Note: the author requested that we blur her image and list the article under a pseudonym as of Jan 16, 2019
We all know that nangs, balloons, whippets, or whatever you call them are often used for purposes other than decorating cakes. And while Australia has a habit of banning things that people like—see Sydney's lockouts—buying nangs has somehow flown under the radar. It's still legal to buy them, although misusing them as a narcotic has been illegal since 2013. But that begs the question, how can you prove someone intends to get high instead of baking a cake?
It's in this legal twilight zone that a bunch of 24/7 nang delivery services have popped up, offering to drop a batch at your door any time you like. These delivery services are easy to find too. Websites and apps let you order whatever amount of nangs you'd like—one box retails for around $20. A hundred of the things will set you back around $150. No proof of age, no proof of cheffing qualifications necessary.
It seems crazy that these businesses manage to operate legally. So I decided to ask a nang delivery guy how it works, and if they'd be willing to let me ride along in their car.
Finding a nang delivery service that would speak with me, let alone let me ride shotgun on a delivery, proved a lot trickier than getting a box delivered. It seemed every supplier "weren't interested" in being part of the experiment. Whether this was because they feared I would notice their customers weren't baking cakes at 1 AM—I have no idea.
Finally, I managed to find a guy who would have me along, provided I didn't release his brand name or his identity. Tim* has been delivering nangs for a few months. He told me he used to be a heavy user himself, until he smashed 600 of the little guys at a recent festival. Suffering memory loss for days afterwards he'd decided he was done and would only sell them.
"I basically became a nang," Tim told me. "I was constantly nanging all day—from the moment that I woke up until I put myself to bed I was doing one. I was breathing more nitrous oxide than oxygen."
I asked Tim if he thinks he was addicted to nangs. "I wouldn't say I was an addict," he said. "To say I'm an addict is to say I couldn't go without. I can go without a nang and I don't get withdrawals or anything like that. I would just say that I had a strong passion for them."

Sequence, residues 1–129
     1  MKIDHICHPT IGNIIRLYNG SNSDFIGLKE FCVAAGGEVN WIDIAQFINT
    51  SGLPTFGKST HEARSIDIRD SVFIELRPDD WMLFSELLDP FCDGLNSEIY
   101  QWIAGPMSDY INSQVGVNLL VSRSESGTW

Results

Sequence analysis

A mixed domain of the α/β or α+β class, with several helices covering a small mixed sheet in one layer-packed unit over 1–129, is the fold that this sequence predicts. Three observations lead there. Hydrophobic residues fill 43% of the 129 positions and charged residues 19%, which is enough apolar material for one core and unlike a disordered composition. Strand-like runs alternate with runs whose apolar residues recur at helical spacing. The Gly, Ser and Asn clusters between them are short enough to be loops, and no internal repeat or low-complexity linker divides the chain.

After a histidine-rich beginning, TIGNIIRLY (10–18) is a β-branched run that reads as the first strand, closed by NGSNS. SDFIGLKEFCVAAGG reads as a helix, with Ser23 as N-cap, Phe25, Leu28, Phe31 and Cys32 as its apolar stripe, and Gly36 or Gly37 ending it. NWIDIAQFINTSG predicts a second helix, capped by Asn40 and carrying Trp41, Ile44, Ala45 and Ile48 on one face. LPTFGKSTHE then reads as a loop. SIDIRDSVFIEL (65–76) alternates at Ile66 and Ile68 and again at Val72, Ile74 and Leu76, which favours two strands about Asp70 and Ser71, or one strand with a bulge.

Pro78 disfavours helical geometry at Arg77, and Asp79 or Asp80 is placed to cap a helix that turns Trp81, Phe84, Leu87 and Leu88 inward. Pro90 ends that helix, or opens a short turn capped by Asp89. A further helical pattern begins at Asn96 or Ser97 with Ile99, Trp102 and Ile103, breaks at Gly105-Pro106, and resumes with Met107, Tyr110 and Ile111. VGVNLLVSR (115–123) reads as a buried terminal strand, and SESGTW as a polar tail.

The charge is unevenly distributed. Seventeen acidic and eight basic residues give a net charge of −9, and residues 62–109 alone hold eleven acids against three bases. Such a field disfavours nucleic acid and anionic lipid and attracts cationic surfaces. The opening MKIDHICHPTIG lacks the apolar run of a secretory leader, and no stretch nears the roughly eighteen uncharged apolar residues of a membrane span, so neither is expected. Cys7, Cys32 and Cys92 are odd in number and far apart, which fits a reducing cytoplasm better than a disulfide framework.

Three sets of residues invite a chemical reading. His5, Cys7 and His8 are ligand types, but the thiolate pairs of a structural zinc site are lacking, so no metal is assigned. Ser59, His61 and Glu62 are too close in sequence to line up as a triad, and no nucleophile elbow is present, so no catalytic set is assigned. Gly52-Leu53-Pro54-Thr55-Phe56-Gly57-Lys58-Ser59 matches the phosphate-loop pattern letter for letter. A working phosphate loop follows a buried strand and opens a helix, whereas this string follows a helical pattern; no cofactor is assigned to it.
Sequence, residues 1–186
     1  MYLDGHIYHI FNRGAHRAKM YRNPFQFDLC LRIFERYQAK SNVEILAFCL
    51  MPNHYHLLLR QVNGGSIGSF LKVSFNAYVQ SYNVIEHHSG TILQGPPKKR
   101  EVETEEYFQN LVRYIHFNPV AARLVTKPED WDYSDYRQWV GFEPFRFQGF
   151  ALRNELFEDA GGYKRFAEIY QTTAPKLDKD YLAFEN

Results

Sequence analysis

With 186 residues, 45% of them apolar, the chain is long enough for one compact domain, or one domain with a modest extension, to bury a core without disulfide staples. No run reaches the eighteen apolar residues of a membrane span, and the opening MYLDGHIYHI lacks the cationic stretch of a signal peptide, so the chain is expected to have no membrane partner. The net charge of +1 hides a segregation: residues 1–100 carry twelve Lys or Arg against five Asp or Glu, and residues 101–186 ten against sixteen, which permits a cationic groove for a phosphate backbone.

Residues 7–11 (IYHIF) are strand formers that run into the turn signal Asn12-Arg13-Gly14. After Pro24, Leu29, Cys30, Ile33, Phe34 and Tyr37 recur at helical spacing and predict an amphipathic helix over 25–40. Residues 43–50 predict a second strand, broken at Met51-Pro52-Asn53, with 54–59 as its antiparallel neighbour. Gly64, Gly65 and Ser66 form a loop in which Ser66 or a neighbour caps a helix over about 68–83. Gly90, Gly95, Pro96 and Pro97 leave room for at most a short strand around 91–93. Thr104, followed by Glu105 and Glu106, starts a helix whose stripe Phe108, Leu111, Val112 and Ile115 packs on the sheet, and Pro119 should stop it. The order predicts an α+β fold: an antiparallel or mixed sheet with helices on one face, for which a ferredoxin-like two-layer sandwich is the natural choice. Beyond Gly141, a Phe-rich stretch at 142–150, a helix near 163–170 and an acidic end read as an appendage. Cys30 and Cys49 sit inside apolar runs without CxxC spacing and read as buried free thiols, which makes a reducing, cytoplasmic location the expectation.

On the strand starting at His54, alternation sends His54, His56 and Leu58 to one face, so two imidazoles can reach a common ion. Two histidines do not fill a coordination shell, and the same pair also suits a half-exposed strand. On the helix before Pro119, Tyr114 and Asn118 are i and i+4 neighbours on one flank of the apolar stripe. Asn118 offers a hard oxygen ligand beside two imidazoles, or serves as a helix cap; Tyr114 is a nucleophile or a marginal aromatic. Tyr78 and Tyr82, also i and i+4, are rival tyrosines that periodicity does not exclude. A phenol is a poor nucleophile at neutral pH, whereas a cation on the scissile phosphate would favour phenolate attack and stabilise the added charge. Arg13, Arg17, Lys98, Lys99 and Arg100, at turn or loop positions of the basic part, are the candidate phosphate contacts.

Our first delivery of the night was to Gabby*. She was as excited as a child unwrapping a Christmas gift. This was Gabby's first time using the nang delivery service and she told us, using "inverted comma finger signals" that she was "baking a cake." I asked her what kind of cake.
"Umm… cheese cake," she responded.
"Cheese cake with whipped cream?" I asked.
"You bloody betcha!" Gabby said. We left Gabby with her huge box of nangs and were on our way again.
Our next stop was a pretty standard sharehouse with music blaring from inside. Tim and I knocked on the door a couple of times, but it seemed no one could hear us. We decided to go down the side of the house and find another entrance.
We were greeted by Laura* who was grateful we were able to come out at such a late hour. Maybe it's wrong to assume but Tim and I were pretty confident Laura and her large house of partying friends were not intending to use the chargers in any kind of proper way. I mean, not judging or anything, but I'm pretty sure that's a weed plant growing on her back door step.
"Do you mind if I ask how you intend to use these?" I asked Laura. "How do you think?" Laura responded with sarcasm. I shrugged my shoulders and asked her to tell me. "To take us to the next dimension!" she responded.
On our way to the next house I asked Tim if he thought any of his customers had ever actually baked a cake. I was also curious whether he had any ideas about if his service should be legal. "Who are we to say that someone hasn't fucked up and is baking an 'I'm Sorry' cake for their girlfriend or boyfriend?" he replied. "Maybe someone forgot that it was their turn at Bake Club in the office to cook a cake for Monday morning tea."
Tim told me on a regular night he'd earn between $100 and $400, depending on the demand and how much petrol he has to burn through to make the deliveries.
"And what's your ethical stance on selling things that can basically fuck your brain?" I asked. "I have no stance on it," came the reply. "What people buy is up to them. I'm not forcing them to buy them and do them. It's just like people selling caps or alcohol—it's the person's choice what they choose to do."
I asked whether his mum knows what he does for a living. "Of course my mother doesn't know," he said. "She's a saint and she wouldn't like it. Just like most people who keep stuff from their mothers, she doesn't need to know everything."
The last house we dropped a box of nangs to belonged to Taylor*. We knocked on the front door and were happily greeted by Taylor and her other housemate. It was 3am in the morning at this point, and we'd been driving around for a while. I was knackered. Taylor and her housemate asked if we'd like to come in for a chill and a chat.
"What do you think about nang delivery services Taylor?" I asked her. "It's sick!" she replied. "I don't think the use of nangs should be illegal. They're illegal in England, and other places apparently, but can't we just have one nice thing to give us a little bit of a buzz?"
Taylor and her friends had just got home from a night out at a club. They were sitting around in the courtyard winding down, and said they just wanted a couple of nangs to chill out. Everybody was super friendly and welcoming.
Taylor stopped, turned to me, and held up the nanginator. "Do you want one?" she asked.